Unfortunately, that can’t be the case anymore. At Comic Con, Bioware had a panel for the film, in which they confirmed that the movie will be about the origin story of a male Shepard. Now to go and say that this plan is a bad one is a foolhardy move on my part- who knows, the film may be an amazing success. I would have just liked it if there was a challenge on the behalf of those involved to create a new science fiction heroine in their already vivid, expansive universe, basing it on a story already known by the fan base created so far. But that’s just my thought as a writer, just a compilation and musings of someone who would like to see the Mass Effect story make the jump to the silver screen effectively, by challenging itself to become the next great sci-fi universe in film.
With the latest generation of video games, the ability to create virtual avatars have become commonplace. The Xbox 360 has its avatars. The Wii has its Miis. And the PS3… well, it has its Home Avatars (that’s almost a second thought behind the first two). All of these avatar creation systems have the same damn problem. Curly hair. They can’t do curly hair. Not one goddamn bit. I have natural curly hair- a byproduct of my Mexican heritage. It’s always something I’ve been proud of. I would drive my straight haired mother crazy as i would show off the locks as they naturally occur (I’ve only straightened my hair only once, and that was for my sisters amusement. I love my curls, and never want to do it again, but knowing my sister, I’ll probably have it straightened again for her joy.) My mother would curse me as I’d put heavy amounts of gel in my hair in the morning to shape said curls perfectly. This hairstyle is one thing I’m rather proud of, but unfortunately, It isn’t very well quite reflected in these virtual avatar creation systems. In fact, trying to find any curly hair style (outside of an afro) is virtually nonexistent. And god only knows how I’ve tried. Fallout 3, Fallout New Vegas, The Sims, The Sims 2 (although that might have been the exemption, I remember being quite happy with the results there), Saints Row 2… the list seems to roll on and on, finding myself frustrated with the lack of curly hair and ending up creating something completely crazy instead. Go to your favorite game with a create a character system. Go on, do it. The choices are utterly normal or crazy, with nary a curl in sight, to the dismay of myself and my curly haired compatriots. In the meantime, I’ve found a worthwhile substitute for Playstation Home and Xbox Live.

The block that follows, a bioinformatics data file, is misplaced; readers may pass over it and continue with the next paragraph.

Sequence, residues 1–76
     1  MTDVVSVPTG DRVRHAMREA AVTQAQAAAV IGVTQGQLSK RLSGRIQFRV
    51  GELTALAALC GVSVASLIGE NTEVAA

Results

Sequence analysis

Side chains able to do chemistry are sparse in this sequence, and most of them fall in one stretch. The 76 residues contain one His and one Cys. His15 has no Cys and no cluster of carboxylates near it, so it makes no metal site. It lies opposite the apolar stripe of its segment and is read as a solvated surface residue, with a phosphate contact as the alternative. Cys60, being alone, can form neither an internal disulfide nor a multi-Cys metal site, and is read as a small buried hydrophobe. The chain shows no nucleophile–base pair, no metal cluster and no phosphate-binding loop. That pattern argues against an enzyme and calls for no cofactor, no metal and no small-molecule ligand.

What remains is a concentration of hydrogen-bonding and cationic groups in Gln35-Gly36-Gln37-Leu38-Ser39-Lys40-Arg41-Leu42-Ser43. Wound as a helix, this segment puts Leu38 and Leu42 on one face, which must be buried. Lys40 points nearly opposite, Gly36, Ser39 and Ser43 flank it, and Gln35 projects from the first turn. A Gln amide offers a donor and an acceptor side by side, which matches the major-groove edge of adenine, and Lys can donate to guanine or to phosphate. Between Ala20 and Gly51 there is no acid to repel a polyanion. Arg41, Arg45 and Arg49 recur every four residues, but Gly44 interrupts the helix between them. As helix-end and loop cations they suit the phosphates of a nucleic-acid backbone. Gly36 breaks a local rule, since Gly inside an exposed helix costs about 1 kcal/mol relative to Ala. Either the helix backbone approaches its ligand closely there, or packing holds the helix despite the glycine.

Every year, I have looked forward to E3- not to the show itself, but to meet with friends who come in to the city for the show and hang out with them- it’s been the tradition for close to four years now. But this year- I got the chance to go to the show itself, to check out the games inside. While I’ve been to plenty of other conventions (Comic-Con, for example), E3 is an entirely different beast. The sensory assault on every last one of your senses can be overwhelming, even maddening- from the blaring sounds of the music from each booth, to the giant panel screens to the overall electricity that filled the west and south halls of the Los Angeles Convention Center. Even some of the… smells can be rather… rancid, but that’s due to the fact that some nerds have never heard of deodorant. (As for taste- I made a mistake to eat some of the overpriced food at one of the stands there. Never. Ever. Again. I was desperate! And hungry).
I figure this would be a good place, if any, to talk about some of the games I saw, including some of my favorites.
The best (that I played.)
1. Uncharted 3: So… I was looking forward to this game already. I’m jonesing for it like a bad addict- I need me my adventure game. I’ve beaten Uncharted soundly, and I’m incredibly close to beating the sequel 100%. The multiplayer was the only part of the game that was being on the show floor- parts of the single player was being shown to the press only. That was only slightly disappointing to me at first, because I wanted my time at playing the single player element of the game, the strongest point of the whole Uncharted experience. But the multiplayer shows a distinct level of polish I hadn’t expected- the maps shown, were impressively detailed. One took place in some sort of broken down church- parts of it were on fire. Running through the map, I had gone into part of the church, only to have the fire break the wooden floor underneath me in the middle of a firefight. There’s even a map (I didn’t get to play it, but I wish i did) taking place on a plane trying to take off- one team starting on the plane, the other, on trucks driving alongside the plane. I don’t do it justice, to be honest- watch some of the on the floor videos to see for yourself.
2. Aliens: Colonial Marines: I went to this line originally because I was trying to find someplace comfy to sit (shuttup, I was walking ALL DAY)- and being an Aliens fan, I wanted to give this game the benefit of the doubt- being burned by the mediocre performance shown by Aliens vs. Predator last year, I was reticent to accept anything in this license overall.